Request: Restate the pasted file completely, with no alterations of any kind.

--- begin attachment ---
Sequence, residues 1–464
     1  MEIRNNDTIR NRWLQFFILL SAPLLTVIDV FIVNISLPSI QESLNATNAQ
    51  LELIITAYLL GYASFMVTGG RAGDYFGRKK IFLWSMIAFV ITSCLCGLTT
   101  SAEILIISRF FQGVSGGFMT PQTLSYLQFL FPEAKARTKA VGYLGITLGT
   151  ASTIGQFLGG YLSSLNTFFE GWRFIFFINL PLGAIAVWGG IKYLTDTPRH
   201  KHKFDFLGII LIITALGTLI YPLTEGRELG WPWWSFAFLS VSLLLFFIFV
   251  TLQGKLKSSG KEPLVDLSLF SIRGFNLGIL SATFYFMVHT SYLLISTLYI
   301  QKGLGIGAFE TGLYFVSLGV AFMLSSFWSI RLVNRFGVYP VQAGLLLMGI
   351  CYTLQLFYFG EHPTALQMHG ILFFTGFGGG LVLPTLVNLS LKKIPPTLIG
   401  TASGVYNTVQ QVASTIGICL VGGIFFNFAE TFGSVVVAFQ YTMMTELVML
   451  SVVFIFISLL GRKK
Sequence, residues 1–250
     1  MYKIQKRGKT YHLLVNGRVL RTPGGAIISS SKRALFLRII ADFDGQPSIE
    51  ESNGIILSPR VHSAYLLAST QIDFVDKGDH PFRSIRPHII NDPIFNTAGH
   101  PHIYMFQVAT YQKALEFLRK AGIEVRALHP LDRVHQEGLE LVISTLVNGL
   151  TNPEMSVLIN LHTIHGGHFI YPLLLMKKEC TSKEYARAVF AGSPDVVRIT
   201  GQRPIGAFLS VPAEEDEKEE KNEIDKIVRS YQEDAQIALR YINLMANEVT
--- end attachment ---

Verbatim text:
Sequence, residues 1–464
     1  MEIRNNDTIR NRWLQFFILL SAPLLTVIDV FIVNISLPSI QESLNATNAQ
    51  LELIITAYLL GYASFMVTGG RAGDYFGRKK IFLWSMIAFV ITSCLCGLTT
   101  SAEILIISRF FQGVSGGFMT PQTLSYLQFL FPEAKARTKA VGYLGITLGT
   151  ASTIGQFLGG YLSSLNTFFE GWRFIFFINL PLGAIAVWGG IKYLTDTPRH
   201  KHKFDFLGII LIITALGTLI YPLTEGRELG WPWWSFAFLS VSLLLFFIFV
   251  TLQGKLKSSG KEPLVDLSLF SIRGFNLGIL SATFYFMVHT SYLLISTLYI
   301  QKGLGIGAFE TGLYFVSLGV AFMLSSFWSI RLVNRFGVYP VQAGLLLMGI
   351  CYTLQLFYFG EHPTALQMHG ILFFTGFGGG LVLPTLVNLS LKKIPPTLIG
   401  TASGVYNTVQ QVASTIGICL VGGIFFNFAE TFGSVVVAFQ YTMMTELVML
   451  SVVFIFISLL GRKK
Sequence, residues 1–250
     1  MYKIQKRGKT YHLLVNGRVL RTPGGAIISS SKRALFLRII ADFDGQPSIE
    51  ESNGIILSPR VHSAYLLAST QIDFVDKGDH PFRSIRPHII NDPIFNTAGH
   101  PHIYMFQVAT YQKALEFLRK AGIEVRALHP LDRVHQEGLE LVISTLVNGL
   151  TNPEMSVLIN LHTIHGGHFI YPLLLMKKEC TSKEYARAVF AGSPDVVRIT
   201  GQRPIGAFLS VPAEEDEKEE KNEIDKIVRS YQEDAQIALR YINLMANEVT